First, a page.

Returns, the ‘dirty’ word in retail, are a recurring nightmare for staff and customers alike. It’s something we can all relate to; as a consumer we dread the long lines, endless waiting, and seemingly annoyed sales staff. Whilst as a retailer, processing a mountain of returns can seem like a complicated, costly and unwelcome hassle.
The state of the market consumer returns are an expensive exercise – accounting for £60bn a year in costs for British businesses today. With such a hefty price tag, it would be easy to attribute some of the plight of UK retailers to the sheer cost of returns. Indeed, online giant Amazon has taken steps to tackle this issue and revised its policy on returns to ban serial ‘returners’ from its site – all in an aim to protect the Amazon experience and to prevent abuse of its system.
On the flip side, others are making it easier than ever for customers to return items. PayPal has a ‘return shipping on us’ policy covering your shipping costs to return items to select stores.
Additionally fashion retailer ASOS launched the ‘try before you buy’ service allowing shoppers to only pay for the items they keep as opposed to paying upfront for the items they ordered. The initiative has been such a success with younger shoppers that the retailer saw sales increased to £300m in the latter months of 2017.
The hidden return on returns
Customers today use many different channels to shop and Medallia’s research has shown
that regardless of the channel they used, customers who had a very positive returns experience made more transactions over the following six months, and spent 16% more during that time, than customers who did not have a positive returns experience.
Customers with the most satisfying returns experience also ended up returning fewer items: in the same six months, they made nearly 10% fewer returns than customers who had a poor returns experience.
ASOS’ results suggest, contrary to expectation, customers who have a great returns experience ultimately spend more money, and indeed return fewer items in the future. Retailers looking to emulate this success can do the following:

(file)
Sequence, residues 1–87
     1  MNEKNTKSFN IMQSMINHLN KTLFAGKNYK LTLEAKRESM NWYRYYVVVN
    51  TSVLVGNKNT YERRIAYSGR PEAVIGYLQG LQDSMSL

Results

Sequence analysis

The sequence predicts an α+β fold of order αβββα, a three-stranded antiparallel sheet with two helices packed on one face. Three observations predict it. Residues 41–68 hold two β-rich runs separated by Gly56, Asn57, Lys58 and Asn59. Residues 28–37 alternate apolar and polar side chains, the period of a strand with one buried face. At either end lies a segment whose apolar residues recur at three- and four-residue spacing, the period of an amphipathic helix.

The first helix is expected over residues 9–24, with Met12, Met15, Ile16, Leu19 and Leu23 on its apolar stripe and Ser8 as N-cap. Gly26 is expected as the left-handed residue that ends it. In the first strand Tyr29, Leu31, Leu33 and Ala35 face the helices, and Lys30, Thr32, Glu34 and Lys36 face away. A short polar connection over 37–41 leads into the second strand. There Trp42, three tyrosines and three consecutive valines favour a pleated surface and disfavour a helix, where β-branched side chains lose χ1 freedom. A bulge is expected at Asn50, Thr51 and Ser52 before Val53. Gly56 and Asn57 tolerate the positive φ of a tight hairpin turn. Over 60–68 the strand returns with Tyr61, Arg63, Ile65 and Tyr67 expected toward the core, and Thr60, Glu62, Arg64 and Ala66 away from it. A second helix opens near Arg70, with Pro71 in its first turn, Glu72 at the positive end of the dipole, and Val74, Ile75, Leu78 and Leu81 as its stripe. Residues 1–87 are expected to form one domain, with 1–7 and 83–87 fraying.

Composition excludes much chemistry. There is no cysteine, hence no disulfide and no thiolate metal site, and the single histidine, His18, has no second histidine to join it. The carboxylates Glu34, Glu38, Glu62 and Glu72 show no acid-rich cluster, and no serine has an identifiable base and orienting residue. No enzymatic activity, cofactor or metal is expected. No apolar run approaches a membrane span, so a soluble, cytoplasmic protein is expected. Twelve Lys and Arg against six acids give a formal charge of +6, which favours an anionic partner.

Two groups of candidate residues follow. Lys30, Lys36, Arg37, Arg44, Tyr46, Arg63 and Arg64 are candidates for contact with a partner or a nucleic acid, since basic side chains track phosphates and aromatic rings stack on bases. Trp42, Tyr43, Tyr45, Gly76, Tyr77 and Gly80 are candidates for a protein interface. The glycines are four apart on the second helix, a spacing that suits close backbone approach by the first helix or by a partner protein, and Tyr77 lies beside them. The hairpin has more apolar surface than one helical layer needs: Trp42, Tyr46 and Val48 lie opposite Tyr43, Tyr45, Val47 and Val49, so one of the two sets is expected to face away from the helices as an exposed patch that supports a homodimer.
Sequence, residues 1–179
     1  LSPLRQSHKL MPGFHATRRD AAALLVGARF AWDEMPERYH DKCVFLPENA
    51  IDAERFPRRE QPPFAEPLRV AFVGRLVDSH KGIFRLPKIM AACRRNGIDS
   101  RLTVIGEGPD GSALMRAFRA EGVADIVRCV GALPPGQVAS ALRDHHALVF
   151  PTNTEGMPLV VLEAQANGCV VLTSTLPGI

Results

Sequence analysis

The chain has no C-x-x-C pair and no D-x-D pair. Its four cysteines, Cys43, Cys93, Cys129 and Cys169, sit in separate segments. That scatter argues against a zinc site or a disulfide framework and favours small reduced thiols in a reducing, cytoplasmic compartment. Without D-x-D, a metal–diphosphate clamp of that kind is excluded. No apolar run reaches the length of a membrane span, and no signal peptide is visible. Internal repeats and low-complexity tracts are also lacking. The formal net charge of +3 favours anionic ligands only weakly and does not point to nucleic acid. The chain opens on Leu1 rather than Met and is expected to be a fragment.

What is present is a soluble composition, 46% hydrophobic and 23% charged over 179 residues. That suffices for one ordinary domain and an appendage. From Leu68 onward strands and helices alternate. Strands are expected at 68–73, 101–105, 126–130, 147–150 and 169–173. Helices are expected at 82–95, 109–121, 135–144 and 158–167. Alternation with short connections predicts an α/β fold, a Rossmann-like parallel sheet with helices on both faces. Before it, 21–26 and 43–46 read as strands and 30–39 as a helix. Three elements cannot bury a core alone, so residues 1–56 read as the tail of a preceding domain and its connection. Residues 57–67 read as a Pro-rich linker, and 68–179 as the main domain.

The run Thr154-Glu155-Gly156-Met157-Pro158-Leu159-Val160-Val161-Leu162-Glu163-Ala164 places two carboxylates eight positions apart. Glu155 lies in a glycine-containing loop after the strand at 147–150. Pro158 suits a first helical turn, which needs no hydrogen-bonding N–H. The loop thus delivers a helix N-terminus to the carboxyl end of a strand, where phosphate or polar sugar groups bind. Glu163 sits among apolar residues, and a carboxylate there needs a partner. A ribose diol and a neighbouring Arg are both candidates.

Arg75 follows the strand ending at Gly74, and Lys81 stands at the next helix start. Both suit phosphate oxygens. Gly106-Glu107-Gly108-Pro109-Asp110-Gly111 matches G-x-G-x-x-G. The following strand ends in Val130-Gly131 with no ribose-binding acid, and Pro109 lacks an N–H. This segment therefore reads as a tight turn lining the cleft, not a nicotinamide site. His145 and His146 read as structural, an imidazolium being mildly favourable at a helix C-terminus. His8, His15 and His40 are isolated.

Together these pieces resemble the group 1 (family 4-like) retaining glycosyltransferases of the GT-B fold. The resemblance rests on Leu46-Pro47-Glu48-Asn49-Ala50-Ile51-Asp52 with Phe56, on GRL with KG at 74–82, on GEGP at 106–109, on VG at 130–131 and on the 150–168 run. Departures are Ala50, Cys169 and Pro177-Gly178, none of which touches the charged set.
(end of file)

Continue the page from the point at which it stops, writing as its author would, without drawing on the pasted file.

- Think omnichannel – make sure you are giving your customer as many channels as possible to choose from when completing their purchase – it may result in a greater volume of returns in the first place, but it ultimately builds loyalty and trust with the customer.
- Make it painless (and free) – customers are more likely to have the confidence to make a big purchase if they know the returns process will be straightforward. Afterall, the easier it is, the more likely they are to order (and keep) more.
- Use it as an opportunity – as most returns take place in store, use the returns process as an opportunity to show off your brand, service and products in person to your customer. Stand-out and you may make another sale there and then.
Reaping the rewards
There’s no doubt about it, for many shoppers and vendors alike, the returns process can seem like a cargo ship of hell in a sea of retail pleasantry. And though they are a costly business, they are an essential part of the retail journey.
Ultimately, bands that focus on satisfying customers (people), not just processing returns (products), are making a strategic investment in customer relationships, which are likely to increase customer loyalty and, ultimately, spend.
Kareena Uttamchandani is a senior manager and solutions consultant at Medallia, which aims to help businesses ‘win’ by improving customer experiences.